Video | Agriculture | Confidence | Economy | Energy | Employment | Finance | Media | Property | RBNZ | Science | SOEs | Tax | Technology | Telecoms | Tourism | Transport | Search

 

Airbnb Welcomes More than 1.4m Guests in 2017


02 March 2018

Airbnb Welcomes More than 1.4m Guests in 2017

NEW ZEALAND – Airbnb, New Zealand’s leading community driven hospitality company, announced today that its New Zealand host community hosted more than 1.4 million guests in 2017, while the number of listings grew to more than 37,000.

New data released today by Airbnb shows the number of inbound guest arrivals to New Zealand rose 112 per cent year-on-year to 1.46 million - more than the population of Auckland. The number of Airbnb listings in New Zealand has grown 61 per cent year-on-year to 37,600 and the typical Airbnb host earns NZD$80 per week or NZD$4,200 a year in income.

“Airbnb is lifting living standards and easing the sky high cost-of-living without spending a single cent of taxpayer dollars. Being a host allows people to take what is typically their biggest asset - their own home - and turn it into an income engine,” Airbnb’s Head of Public Policy Australia and New Zealand Brent Thomas said.

“Home sharing is an invaluable economic shot in the arm for family budgets and communities right across the nation, particularly those places which have traditionally missed out, like the suburbs and regions. Local hosts in New Zealand on average earned $80 per week or $4,200 a year -- hardly a fortune or king’s ransom but enough to help pay the mortgage or bills.

“With more 1.4 million guest arrivals and counting in New Zealand last year, there has never been a better time to become an Airbnb host. These strong numbers reflect an increasing desire among travelers for a more local, authentic and sustainable kind of travel.

“Importantly, Airbnb wants to work collaboratively with the New Zealand Government and local councils to ensure our community grows sustainably, but also responsibly. We want to work together to grow the local tourism industry, particularly Maori and regional tourism, as well as to develop fair, progressive rules for home sharing. Rules that reflect how people travel and use their homes today, not how it used to be done last century.”

Last month, Airbnb released YouGov Research which showed 66 per cent of New Zealanders support home sharing, 78 per cent believe government should consider encouraging home sharing to help the tourism industry, 54 per cent are likely to use Airbnb in the future when they travel and 31 per cent are likely to use Airbnb to share their own home in the future.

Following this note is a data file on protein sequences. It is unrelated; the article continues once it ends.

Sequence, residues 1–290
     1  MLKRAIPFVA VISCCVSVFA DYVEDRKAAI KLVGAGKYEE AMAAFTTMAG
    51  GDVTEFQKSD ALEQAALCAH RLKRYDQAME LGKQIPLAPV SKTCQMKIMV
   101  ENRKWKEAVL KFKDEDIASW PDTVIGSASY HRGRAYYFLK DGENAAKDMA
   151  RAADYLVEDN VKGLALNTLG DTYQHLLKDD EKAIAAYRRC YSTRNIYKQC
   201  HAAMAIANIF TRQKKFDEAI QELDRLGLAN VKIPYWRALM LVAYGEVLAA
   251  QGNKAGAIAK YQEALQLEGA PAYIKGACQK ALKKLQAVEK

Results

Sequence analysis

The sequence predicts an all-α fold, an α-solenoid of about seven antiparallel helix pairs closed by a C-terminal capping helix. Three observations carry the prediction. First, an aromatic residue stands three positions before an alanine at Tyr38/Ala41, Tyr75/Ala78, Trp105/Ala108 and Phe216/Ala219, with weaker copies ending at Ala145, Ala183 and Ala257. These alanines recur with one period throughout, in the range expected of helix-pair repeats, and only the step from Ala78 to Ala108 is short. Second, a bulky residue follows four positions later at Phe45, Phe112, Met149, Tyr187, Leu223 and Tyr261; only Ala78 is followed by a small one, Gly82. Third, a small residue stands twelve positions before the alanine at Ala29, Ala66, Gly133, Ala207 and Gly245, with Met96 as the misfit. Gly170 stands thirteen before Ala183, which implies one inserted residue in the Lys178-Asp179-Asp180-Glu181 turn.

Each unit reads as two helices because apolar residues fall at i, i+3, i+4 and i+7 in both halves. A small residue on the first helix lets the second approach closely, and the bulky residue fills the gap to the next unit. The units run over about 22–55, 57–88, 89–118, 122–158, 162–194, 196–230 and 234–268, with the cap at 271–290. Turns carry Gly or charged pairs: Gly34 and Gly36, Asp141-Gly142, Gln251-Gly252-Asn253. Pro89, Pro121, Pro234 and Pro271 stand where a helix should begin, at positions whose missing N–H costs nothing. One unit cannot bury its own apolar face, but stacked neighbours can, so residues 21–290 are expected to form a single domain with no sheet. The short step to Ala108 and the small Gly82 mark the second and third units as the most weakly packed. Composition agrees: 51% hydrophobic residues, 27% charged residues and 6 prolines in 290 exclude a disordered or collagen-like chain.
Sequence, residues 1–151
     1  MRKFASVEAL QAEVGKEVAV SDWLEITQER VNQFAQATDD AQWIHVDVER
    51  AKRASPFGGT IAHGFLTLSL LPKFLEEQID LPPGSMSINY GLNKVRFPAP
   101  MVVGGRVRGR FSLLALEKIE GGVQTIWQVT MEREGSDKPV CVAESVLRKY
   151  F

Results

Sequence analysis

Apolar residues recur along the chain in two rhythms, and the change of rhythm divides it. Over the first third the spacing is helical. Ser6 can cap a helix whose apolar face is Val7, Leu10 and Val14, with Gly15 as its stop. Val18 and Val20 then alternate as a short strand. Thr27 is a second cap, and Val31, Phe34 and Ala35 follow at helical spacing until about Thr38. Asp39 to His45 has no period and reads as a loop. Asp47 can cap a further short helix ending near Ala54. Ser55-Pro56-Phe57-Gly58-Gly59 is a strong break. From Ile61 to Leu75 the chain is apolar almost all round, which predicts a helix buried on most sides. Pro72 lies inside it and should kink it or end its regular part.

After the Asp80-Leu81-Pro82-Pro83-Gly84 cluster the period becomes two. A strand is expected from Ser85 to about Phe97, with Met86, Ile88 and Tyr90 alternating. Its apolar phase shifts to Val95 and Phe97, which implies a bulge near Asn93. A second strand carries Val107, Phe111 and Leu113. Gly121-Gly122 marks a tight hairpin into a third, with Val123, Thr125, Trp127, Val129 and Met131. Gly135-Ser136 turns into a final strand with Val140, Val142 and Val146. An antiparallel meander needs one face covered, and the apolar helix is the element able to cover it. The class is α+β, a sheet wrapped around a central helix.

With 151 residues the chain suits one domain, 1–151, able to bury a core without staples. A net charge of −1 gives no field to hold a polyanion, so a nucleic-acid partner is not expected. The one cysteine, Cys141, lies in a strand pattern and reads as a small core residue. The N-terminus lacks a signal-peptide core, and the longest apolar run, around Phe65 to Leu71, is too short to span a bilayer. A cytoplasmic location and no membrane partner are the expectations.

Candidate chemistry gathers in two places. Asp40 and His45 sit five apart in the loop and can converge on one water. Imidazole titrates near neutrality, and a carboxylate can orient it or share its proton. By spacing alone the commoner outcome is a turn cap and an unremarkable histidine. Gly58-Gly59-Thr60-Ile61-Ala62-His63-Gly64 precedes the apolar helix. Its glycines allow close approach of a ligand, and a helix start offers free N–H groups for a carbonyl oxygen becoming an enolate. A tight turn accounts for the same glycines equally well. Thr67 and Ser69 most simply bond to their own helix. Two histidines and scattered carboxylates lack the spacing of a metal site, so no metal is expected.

LocationInbound guest arrivalsYear-on-year growth in guest arrivalsListingsYear-on-year growth in listingsTypical host earnings ($NZD)
New Zealand1,466,500112%37,60061%4,200
Auckland308,600114%10,90071%4,350
Queenstown148,90083%2,30029%12,000


ends

© Scoop Media

 
 
 
Business Headlines | Sci-Tech Headlines

 

Bus-iness: Transdev To Acquire More Auckland And Wellington Operations

Transdev Australasia today announced that it has agreed terms to acquire two bus operations in Auckland and Wellington, reaching agreement with Souter Investments to purchase Howick and Eastern Buses and Mana Coach Services. More>>

ALSO:

Māui And Hector’s Dolphins: WWF/Industry Counter Offer On Threat Management Plan

Forest & Bird says WWF-NZ's plan for protecting Māui dolphins is based on testing unproven methods on a species that is almost extinct, and is urging the Government to reject the proposal. More>>

ALSO:

Industry Report: Growing Interactive Sector Wants Screen Grants

Introducing a coordinated plan that invests in emerging talent and allows interactive media to access existing screen industry programmes would create hundreds of hi-tech and creative industry jobs. More>>

ALSO:

Ground Rules: Government Moves To Protect Best Growing Land

“Continuing to grow food in the volumes and quality we have come to expect depends on the availability of land and the quality of the soil. Once productive land is built on, we can’t use it for food production, which is why we need to act now.” More>>

ALSO: